Kindly note photographs and related text details are for illustrative example only. Being natural products the actual colour, shape, size, origin and shelf life may vary from that displayed. Mimea makes no warranty as to the suitability of any material for any particular use.

Hibiscus Flowers Whole

Dried Hibiscus Flowers

Hibiscus sabdariffa

Origin: Nigeria
From£10.89 per kg

This attractive flower not only looks beautiful, but has a range of potential uses. Dried hibiscus flowers most commonly associated with hibiscus tea, which has been around in one form or another since ancient Egyptian times. Back then, people drank it to lower their body temperature, to treat heart and nerve-related afflictions and used it as a diuretic. Today, it’s also used in cooking, brewing and distilling.

  1. What Our Customers Say

    Good quality product, great service.


  2. What Our Customers Say

    Lovely whole hibiscus flowers, quick delivery and great price


Add a review

Your email address will not be published. Required fields are marked *

History and background

Hibiscus is part of the mallow family, Malvaceae, which also contains the likes of cotton, cocoa, baobab and okra. Its ancestors were native to a range of countries, including China, India, Hawaii, Fiji, Mauritius and Madagascar, and all still exist around the world to this day. It’s believed that of all these countries, Hibiscus most likely originated from India – but it was made famous by the Chinese, who cultivated a range of species early on. It first made its way to Europe in the 1600s.

How to use dried hibiscus flowers

Dried hibiscus flowers have a whole host of potential uses, most notably in food and drink. The most popular application is hibiscus tea, an ancient herbal remedy that was believed to help treat heart and nerve-related ailments. Nowadays, it’s popular due to its sweet, comforting taste – and tea isn’t the only drink you’ll find hibiscus in.

Gin distillers use the flower to add a distinctive flavour and colour to their beverages, as do some producers of craft beer. You can also use hibiscus in food, namely desserts, jams and syrups – and some bakers add hibiscus flowers for decoration or a splash of colour.

Calorie-free and appealing to the tastebuds, consuming hibiscus isn’t just enjoyable – it could aid digestion and even help with weight loss.

Contact Us

Dried hibiscus flowers are not just edible, but have a distinctive and pleasant flavour. They are often used as a garnish, to flavour drinks or to make tea with, and can be used to produce jam, desserts and sweet syrups.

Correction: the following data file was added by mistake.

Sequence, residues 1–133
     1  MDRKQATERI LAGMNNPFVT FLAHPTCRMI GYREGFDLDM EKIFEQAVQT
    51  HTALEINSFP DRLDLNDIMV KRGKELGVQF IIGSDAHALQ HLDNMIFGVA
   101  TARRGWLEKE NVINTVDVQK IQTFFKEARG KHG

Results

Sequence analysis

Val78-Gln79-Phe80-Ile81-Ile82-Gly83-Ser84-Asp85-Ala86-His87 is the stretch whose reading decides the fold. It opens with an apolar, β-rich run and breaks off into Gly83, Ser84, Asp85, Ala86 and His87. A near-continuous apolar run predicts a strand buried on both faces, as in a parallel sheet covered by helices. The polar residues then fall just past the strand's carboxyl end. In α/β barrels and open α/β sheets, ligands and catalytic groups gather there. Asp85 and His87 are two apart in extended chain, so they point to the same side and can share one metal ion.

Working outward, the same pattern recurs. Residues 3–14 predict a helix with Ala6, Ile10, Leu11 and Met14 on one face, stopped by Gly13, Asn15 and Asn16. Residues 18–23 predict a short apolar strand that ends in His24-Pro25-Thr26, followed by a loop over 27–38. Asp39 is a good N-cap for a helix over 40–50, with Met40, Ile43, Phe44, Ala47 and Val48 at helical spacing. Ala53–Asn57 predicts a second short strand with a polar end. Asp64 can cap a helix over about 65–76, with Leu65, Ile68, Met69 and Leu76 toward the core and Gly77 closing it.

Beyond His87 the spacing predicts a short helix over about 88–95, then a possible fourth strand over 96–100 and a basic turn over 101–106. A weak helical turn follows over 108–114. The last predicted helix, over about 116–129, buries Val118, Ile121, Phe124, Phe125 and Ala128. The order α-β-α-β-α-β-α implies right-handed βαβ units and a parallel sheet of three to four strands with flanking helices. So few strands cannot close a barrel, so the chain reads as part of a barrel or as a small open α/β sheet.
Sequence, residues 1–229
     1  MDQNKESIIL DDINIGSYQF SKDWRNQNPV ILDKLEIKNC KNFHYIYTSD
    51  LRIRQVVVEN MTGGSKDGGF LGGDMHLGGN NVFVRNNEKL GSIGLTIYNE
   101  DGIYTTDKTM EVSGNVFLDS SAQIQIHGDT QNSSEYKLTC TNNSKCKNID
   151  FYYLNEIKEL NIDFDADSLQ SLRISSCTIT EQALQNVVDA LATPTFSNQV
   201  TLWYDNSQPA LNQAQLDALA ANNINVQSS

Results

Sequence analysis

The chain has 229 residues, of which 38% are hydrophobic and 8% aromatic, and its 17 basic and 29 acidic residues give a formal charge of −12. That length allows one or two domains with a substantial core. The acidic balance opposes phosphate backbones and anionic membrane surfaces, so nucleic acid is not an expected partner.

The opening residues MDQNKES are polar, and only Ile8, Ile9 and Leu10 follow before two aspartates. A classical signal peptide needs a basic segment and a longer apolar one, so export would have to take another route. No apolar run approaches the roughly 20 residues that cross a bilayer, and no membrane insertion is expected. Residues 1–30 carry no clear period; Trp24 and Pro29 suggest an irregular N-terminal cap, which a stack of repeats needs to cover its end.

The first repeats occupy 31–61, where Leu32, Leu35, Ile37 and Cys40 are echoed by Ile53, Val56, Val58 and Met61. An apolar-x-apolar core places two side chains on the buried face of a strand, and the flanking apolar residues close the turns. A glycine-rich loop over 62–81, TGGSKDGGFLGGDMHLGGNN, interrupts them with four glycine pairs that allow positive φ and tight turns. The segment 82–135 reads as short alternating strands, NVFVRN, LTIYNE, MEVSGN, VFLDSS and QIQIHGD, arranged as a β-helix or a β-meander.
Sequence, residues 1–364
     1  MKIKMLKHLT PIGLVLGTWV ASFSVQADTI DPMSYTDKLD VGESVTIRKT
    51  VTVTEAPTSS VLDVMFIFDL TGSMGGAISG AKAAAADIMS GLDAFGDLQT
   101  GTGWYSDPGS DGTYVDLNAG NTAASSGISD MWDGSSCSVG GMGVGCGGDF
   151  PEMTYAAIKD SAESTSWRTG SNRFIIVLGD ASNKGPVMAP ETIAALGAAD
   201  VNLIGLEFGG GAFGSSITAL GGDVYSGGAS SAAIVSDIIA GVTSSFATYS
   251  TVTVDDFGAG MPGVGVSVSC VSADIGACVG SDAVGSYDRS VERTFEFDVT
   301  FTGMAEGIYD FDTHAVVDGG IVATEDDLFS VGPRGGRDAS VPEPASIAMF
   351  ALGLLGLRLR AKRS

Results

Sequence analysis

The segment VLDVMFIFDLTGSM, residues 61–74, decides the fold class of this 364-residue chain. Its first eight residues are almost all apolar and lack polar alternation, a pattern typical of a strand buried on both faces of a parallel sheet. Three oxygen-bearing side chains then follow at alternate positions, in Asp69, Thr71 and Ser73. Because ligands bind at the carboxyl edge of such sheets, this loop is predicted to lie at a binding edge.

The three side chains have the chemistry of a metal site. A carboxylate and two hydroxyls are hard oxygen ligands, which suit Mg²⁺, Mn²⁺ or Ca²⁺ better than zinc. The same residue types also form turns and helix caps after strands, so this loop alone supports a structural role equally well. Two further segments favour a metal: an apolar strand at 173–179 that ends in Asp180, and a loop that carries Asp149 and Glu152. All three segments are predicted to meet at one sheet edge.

Hibiscus is believed to lower blood pressure and cholesterol levels, making it a popular herbal remedy. It also has a diuretic effect, and has in the past been used to treat constipation, colds and more. It’s said that it can also aid weight loss due to its beneficial effects on one’s digestive system.

These dried hibiscus flowers are perfect for decorative use, from potpourri to natural confetti.

Occasionally used in the creation of craft beers to add a floral, fruity flavour, hibiscus flowers can also be used in the distillation of gin for a distinctive colour, aroma and flavour.

Dried hibiscus flowers are ideal for decorative purposes, and are a popular addition to potpourri bowls.

Coming Soon


Delivery Information

Most of our ingredients can be delivered within 2-3 working days, with free delivery to the UK mainland on all orders over £25 and a 30 day returns policy. For more information, visit our Delivery & Returns page.

Contact Us

Great products, quick delivery, very pleased, thank you.

Arrived on time. All good.

Good quality product, great service.

An absolute pleasure to buy from with super quick delivery too 5 stars all the way.

Item as described and quick delivery.

Excellent Seller & highly recommended! Super swift dispatch and delivery of great item arriving in less than 48 hours & exactly on its estimated due date too. Superb all round service. Many thanks!

Featured Products

Frequently Asked Questions

Yes, absolutely. It’s not only edible but has great taste, which is why it’s used to make tea, beer and gin.

Though it’s believed to have originated from India, hibiscus was spread around the world from China - and many of the varieties we’re familiar with today emerged from the country. China Rose is actually a species of hibiscus too, with a distinctive appearance.

When added to tea or used in the distillation of gin, hibiscus introduces a distinctive floral taste, not dissimilar to cranberries. For this reason, it can also be used as a substitute for cranberries in desserts and jams.